In April 1978, James released his debut solo album, Come Get It!, which included the Stone City Band. The album launched the top 20 hit, “You and I”, which became his first number-one R&B hit. The album also included the hit single, “Mary Jane”. It eventually sold two million copies, launching James’ musical career to stardom, and helping out Motown Records at a time when label fortunes had dwindled. In early 1979, James’ second album, Bustin’ Out of L Seven, followed the previous album’s success, eventually selling a million copies. A third album, Fire It Up, was released in late 1979 going gold. Around that same period, James launched his first headlining tour, the Fire It Up Tour, and agreed to invite the then-upcoming artists Prince, as well as singer Teena Marie, as his opening act. James had produced Marie’s successful Motown debut album, Wild and Peaceful and was featured on the hit duet, “I’m a Sucker (For Your Love)”. James was credited with naming Marie, “Lady Tee”, on the song, a nickname that stuck with Marie for the rest of her career. The Fire It Up tour led to James developing a bitter rivalry with Prince, after he accused the musician for ripping off his act.
Rick was one of the most popular artists on the Motown label during the late 1970s and early 1980s, when the fortunes of Motown Records seemed to be flagging, scoring 4 Platinum albums (Come Get It!, Bustin’ Out of L Seven, Fire It Up, Street Songs) between 1978 and 1981 with another 4 No.1 hits on the U.S. R&B charts. Among his best-known songs are “Super Freak” and “You and I”
James’ controversial and provocative image became troublesome over time. During his heyday, James had presented his songs to the then-fledging music video channel, MTV, only to be turned down because James’ music didn’t fit the network’s rock playlist. James accused the network of racism. When MTV and BET both avoided playing the video for “Loosey’s Rap” because of its graphic sexual content, James considered the networks hypocritical in light of them still playing provocative videos by Madonna and Cher.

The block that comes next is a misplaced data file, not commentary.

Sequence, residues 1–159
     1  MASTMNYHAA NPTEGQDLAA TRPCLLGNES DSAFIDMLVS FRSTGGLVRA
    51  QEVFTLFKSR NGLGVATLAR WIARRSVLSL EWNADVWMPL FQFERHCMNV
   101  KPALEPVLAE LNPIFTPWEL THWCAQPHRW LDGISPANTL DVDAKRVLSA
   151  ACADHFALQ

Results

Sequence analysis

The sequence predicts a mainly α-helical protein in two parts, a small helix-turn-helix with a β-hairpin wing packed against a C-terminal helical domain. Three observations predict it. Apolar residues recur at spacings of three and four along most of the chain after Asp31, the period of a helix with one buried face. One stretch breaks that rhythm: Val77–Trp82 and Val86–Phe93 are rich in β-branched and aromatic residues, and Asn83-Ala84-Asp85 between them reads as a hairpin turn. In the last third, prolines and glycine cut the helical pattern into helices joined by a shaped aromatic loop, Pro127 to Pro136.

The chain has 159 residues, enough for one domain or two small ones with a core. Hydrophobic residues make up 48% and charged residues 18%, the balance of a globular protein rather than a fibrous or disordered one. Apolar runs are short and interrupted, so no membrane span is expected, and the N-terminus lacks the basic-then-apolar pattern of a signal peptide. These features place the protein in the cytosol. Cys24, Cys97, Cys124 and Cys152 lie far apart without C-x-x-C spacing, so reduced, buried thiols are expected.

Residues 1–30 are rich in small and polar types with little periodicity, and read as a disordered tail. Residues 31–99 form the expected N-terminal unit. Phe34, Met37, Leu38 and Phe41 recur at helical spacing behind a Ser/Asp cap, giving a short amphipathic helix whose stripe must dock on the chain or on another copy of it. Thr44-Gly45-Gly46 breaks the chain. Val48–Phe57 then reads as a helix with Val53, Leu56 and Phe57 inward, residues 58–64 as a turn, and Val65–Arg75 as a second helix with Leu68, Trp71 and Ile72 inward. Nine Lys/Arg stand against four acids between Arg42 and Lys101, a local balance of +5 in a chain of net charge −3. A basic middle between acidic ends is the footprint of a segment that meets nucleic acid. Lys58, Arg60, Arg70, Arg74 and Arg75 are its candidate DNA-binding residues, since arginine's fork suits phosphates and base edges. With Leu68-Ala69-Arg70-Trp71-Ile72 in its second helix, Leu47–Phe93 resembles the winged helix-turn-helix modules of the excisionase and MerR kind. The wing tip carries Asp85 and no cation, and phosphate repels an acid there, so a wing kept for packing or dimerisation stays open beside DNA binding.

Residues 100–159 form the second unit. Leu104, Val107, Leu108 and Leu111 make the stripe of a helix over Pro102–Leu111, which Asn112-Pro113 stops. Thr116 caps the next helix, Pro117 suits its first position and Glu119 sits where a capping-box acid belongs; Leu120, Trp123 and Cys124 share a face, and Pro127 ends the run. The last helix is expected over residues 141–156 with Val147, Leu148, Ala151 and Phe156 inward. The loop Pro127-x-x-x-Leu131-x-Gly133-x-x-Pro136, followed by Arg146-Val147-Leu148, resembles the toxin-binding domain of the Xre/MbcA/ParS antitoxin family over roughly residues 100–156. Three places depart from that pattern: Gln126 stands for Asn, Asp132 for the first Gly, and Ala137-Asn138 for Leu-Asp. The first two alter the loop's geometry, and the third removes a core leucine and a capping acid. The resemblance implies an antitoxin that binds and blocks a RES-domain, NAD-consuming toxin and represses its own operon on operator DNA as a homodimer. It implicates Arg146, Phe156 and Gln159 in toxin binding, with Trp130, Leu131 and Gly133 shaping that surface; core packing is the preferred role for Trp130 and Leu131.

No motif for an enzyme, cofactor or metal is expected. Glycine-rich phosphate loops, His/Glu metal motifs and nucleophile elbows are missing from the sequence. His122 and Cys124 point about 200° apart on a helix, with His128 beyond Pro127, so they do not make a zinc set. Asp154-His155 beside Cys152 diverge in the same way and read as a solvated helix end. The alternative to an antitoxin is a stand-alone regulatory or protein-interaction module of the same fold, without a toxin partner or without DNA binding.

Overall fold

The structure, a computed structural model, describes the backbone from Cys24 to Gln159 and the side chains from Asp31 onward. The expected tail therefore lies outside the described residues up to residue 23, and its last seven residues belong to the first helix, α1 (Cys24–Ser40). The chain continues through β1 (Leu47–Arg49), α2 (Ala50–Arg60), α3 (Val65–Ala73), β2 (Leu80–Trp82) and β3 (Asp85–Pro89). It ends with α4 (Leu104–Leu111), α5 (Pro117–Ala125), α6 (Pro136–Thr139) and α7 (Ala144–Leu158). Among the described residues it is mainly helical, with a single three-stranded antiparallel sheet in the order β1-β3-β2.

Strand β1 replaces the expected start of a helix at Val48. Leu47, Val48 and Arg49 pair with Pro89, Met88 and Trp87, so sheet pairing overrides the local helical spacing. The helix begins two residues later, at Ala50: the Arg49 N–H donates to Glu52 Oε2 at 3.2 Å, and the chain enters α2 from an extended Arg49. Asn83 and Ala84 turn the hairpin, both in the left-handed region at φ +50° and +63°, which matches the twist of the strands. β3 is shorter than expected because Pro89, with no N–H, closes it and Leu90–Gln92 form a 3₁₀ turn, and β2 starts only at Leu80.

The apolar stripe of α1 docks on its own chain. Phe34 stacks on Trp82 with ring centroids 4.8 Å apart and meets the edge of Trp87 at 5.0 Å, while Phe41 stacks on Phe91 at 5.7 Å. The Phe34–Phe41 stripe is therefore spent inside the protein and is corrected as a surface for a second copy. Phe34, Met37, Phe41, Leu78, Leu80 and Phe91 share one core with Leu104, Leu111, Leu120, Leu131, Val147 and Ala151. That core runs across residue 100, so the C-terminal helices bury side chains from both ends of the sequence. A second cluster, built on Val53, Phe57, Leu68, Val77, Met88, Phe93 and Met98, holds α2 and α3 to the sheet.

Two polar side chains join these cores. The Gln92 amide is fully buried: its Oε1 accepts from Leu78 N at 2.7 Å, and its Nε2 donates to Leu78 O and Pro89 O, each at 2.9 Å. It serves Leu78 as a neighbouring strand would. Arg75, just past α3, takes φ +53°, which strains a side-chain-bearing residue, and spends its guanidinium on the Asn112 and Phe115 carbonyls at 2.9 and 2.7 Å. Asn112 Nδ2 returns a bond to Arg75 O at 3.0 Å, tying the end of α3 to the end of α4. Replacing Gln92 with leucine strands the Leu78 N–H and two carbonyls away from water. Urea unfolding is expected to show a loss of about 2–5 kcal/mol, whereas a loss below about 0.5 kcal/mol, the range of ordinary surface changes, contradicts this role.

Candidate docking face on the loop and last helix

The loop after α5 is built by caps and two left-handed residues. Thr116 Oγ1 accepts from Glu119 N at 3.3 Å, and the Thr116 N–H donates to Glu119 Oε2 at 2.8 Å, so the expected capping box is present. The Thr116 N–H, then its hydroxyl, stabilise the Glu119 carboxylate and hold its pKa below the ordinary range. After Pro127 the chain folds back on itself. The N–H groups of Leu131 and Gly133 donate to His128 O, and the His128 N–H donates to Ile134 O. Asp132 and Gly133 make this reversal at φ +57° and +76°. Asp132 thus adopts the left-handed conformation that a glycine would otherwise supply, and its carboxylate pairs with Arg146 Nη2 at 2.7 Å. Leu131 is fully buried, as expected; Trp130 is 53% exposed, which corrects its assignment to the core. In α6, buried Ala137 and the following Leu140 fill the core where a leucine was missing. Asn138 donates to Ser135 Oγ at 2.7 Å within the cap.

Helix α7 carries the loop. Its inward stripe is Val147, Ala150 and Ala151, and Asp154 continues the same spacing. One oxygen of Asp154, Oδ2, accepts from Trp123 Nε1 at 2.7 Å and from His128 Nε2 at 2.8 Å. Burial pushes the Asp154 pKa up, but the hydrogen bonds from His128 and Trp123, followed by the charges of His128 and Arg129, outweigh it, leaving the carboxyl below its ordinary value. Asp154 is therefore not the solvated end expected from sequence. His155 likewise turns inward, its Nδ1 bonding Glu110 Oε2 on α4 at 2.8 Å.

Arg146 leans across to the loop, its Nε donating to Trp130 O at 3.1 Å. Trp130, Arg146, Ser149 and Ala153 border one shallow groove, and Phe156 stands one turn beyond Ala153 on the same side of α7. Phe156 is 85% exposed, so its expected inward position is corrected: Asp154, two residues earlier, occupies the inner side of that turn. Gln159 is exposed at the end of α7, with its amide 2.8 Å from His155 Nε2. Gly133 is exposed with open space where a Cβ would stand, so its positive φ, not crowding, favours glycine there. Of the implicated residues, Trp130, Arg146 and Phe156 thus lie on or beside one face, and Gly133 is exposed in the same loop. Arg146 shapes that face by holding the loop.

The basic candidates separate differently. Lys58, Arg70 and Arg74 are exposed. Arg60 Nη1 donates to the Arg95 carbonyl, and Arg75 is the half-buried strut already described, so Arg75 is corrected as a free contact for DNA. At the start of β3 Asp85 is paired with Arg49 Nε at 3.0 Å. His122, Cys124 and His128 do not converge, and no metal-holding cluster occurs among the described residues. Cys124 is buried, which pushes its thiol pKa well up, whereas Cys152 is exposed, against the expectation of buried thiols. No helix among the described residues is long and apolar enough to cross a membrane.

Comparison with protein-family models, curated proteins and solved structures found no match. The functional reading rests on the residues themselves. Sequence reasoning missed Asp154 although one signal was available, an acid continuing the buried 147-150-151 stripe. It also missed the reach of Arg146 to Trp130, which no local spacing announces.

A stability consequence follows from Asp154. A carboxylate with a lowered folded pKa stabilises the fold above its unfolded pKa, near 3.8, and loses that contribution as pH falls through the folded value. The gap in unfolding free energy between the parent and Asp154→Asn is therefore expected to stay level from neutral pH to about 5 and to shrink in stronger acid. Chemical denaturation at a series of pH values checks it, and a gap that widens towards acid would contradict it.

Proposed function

In 1989, James’ eleventh album, Kickin’, was released only in the UK. By 1990, he had lost his deal with Warner Bros. and James began struggling with personal and legal troubles. That year MC Hammer released his hit signature song, “U Can’t Touch This”, which sampled the prominent opening riff from “Super Freak”. James and his co-writer on “Super Freak”, Alonzo Miller, successfully sued Hammer for shared songwriting credit and all three consequently received the 1990 Grammy Award for Best R&B Song. After spending time in jail for a series of criminal assault charges and drugs, James released Urban Rapsody In 1997 and he toured to promote the album. That same year, he discussed his life and career in interviews for the VH1 musical documentary series, Behind the Music, which aired in early 1998. James’ musical career slowed again after he suffered a minor stroke during a concert that year. In 1999, James accepted an offer by Eddie Murphy himself to appear in his film, Life.
At the time of his death, James was working on an autobiography, The Confessions of Rick James: Memoirs of a Super Freak, as well as a new album. The book was finally published toward the end of 2007 by Colossus Books and features a picture of his tombstone. He was also supporting Teena Marie’s tour of her album La Doña and toured with her in May 2004, playing with her at the KBLX Stone Soul Picnic.
Rick died of cardiac and pulmonary failure on August 6, 2004 at the age of 56.
Reprinted from Scary Monsters and Super Freaks, by Mike Sager. An excerpt of this piece originally appeared in Rolling Stone.